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INDIANAPOLIS -- Lime says it will comply with a cease-and-desist order from the city of Indianapolis by taking its motorized scooters off the streets, effective Thursday evening.
City officials sent the company a cease-and-desist order on Tuesday amid a debate over how to regulate the electric scooters that Lime and its competitor, Bird, brought to the city last month.
Members of the Indianapolis City-County Council’s Public Works Committee met June 28 to discuss a regulatory framework ordinance that would allow the city to license “shared mobility system” owners like Lime and Bird.
City code currently bans the shared, dockless, electric scooters, but the city has not enforced the ban since Bird dropped its first scooters in mid-June.
Part of the proposed scooter ordinance, which is scheduled for a hearing before the full council on July 16, would allow the city to take into account past compliance with city/county ordinances during the license-granting process.
In a statement Thursday night, Lime’s director of strategic development, Maggie Gendron, said that provision convinced the company to suspend operations in the city until an ordinance is passed.
“As Lime chooses to work with the city, we trust the city will in fact hold all scooter companies operating in Indianapolis accountable to the same standards,” Gendron said. “We have, and will continue to work collaboratively with the city towards crafting a common-sense regulatory solution that prioritizes rider safety and accessibility, while maintaining our scooters as an affordable transportation option for Indianapolis residents. We look forward to returning to the streets once circumstances change in regards to the city permitting process, or in the event a competitor continues to operate without enforcement action.”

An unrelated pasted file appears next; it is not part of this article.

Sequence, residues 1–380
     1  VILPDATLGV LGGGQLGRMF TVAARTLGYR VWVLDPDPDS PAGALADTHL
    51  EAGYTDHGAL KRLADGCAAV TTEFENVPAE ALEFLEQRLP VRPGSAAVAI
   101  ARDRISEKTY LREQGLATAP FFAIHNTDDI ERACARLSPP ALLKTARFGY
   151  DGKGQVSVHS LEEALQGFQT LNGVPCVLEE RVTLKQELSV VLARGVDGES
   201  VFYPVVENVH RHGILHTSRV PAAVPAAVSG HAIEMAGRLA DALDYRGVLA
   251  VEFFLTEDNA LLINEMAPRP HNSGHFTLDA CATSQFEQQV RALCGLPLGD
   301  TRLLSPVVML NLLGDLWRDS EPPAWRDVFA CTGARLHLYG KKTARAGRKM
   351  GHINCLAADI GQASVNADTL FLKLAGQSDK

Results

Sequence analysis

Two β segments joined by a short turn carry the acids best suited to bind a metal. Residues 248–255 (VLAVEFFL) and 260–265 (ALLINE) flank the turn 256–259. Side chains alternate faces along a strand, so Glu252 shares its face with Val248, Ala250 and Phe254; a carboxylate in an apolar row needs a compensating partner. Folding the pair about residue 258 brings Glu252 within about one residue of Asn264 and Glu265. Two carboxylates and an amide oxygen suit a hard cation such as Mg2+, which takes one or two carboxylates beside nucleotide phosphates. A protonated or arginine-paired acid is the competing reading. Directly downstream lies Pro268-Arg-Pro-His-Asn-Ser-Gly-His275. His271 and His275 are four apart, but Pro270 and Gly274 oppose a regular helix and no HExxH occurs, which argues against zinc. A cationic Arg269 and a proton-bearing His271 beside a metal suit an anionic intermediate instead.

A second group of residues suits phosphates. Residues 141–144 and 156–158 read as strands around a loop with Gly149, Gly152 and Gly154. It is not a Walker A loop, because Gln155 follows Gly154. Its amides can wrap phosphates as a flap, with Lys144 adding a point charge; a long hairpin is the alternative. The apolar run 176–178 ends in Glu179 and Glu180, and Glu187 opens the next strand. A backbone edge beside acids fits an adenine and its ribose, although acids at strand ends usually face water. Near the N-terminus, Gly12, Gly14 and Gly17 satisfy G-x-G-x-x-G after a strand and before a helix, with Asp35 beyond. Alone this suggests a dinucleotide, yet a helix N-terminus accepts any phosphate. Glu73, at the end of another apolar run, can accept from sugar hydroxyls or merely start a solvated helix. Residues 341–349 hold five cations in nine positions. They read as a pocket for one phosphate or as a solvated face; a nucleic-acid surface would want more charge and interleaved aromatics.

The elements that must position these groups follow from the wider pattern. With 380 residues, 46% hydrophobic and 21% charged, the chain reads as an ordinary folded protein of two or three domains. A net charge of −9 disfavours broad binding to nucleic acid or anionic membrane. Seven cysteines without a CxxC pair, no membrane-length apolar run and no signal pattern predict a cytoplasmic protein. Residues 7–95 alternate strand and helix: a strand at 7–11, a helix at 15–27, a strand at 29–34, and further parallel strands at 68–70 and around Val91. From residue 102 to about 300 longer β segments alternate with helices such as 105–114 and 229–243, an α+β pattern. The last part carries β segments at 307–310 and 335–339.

The electric scooters have proven to be a surprise hit in Indianapolis. According to Lime’s regional general manager Jason Wilde, nearly 3,700 people used one of the company’s scooters in their first five days in Indianapolis.
The proposed ordinance heading to the full City-County Council would allow the city to grant licenses to shared mobility companies at a cost of $15,000 a year, plus $1 per scooter. That money would be used in part to improve the city’s existing transportation infrastructure.
RTV6 reached out via email Thursday evening to Crosscut Strategies, the PR firm representing Bird in Indianapolis, to see whether Bird intended to comply with the cease-and-desist order.
A Bird spokesperson replied on Saturday, saying the company intended to keep its scooters running as they have been. The company released the following statement to RTV6:
“Indianapolis is a growing, dynamic city interested in increasing access to affordable transportation options. This goal is complementary to Bird's mission. Bird is operating lawfully with the required business permit in the city of Indianapolis, and the people of Indianapolis have enthusiastically embraced shared electric scooters. We're working cooperatively with city officials on a draft ordinance that will require operators to have a new form of permit once the ordinance is passed. We hope that city officials will be able to create a smooth transition to the new permit process so that service to Hoosiers is not interrupted.”